- HOST INTRO The United States withdrew all combat troops from Iraq in late 2011, but Iraqis who faced danger during the Iraq War due to their employment supporting the U.S. government now face continuing lethal danger from insurgents. WNR’s Elliana Bisgaard-Church looks into the decreased -- or perhaps diverted -- American media attention.
BISGAARD-CHURCH Recent headlines on Iraq from the New York Times and Huffington Post, among others, have centered on “emo killings” in Iraq -- targetings of young men identified by wearing Western fashions and typically tighter, darker clothes. While this topic has been in the news for a month, the constant deaths, attacks, and threats against Iraqis who worked for the U.S. government during the Iraq War years, now capture reduced American media attention, despite these targetings being directly related to U.S. involvement in the country,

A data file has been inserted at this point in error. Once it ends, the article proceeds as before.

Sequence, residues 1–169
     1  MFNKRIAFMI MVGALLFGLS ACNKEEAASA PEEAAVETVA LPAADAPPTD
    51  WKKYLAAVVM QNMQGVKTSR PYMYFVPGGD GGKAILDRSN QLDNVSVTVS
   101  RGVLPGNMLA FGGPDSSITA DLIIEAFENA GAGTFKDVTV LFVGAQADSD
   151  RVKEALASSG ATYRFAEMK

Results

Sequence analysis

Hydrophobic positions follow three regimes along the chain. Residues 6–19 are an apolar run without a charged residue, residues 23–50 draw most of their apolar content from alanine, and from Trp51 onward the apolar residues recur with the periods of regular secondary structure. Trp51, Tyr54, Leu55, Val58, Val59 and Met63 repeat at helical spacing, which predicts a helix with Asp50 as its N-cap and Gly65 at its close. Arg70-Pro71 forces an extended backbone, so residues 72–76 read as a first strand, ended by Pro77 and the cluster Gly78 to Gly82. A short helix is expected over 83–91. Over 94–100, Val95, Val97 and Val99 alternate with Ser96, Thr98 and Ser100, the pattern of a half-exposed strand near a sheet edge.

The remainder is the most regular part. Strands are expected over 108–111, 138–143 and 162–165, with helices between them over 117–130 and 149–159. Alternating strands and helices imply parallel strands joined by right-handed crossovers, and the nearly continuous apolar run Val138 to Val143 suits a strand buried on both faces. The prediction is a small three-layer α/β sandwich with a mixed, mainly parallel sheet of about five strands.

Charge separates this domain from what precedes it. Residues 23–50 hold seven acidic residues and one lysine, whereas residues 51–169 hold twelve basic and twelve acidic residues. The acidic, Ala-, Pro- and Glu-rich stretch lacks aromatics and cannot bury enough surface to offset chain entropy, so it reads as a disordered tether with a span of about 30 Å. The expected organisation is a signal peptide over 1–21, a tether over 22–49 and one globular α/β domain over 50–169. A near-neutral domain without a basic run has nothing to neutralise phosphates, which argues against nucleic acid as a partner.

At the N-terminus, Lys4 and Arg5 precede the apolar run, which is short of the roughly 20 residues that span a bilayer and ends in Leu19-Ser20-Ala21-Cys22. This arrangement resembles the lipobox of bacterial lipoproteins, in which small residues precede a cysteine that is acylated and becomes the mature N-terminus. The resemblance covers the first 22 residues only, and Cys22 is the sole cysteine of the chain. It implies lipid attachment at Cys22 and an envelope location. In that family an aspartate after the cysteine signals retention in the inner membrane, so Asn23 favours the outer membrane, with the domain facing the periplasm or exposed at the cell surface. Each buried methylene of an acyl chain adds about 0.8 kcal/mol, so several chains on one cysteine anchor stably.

ZAKI You put me in a forest with a lot of wolves and didn’t give me any weapons for me to defend myself.
BISGAARD-CHURCH That’s an Iraqi who worked for the U.S. army on a Military Transition Team, interpreting and advising on cultural affairs, beginning in 2007. He prefers that we do not reveal his real name -- and we agreed to call him Khalid Zak for this report.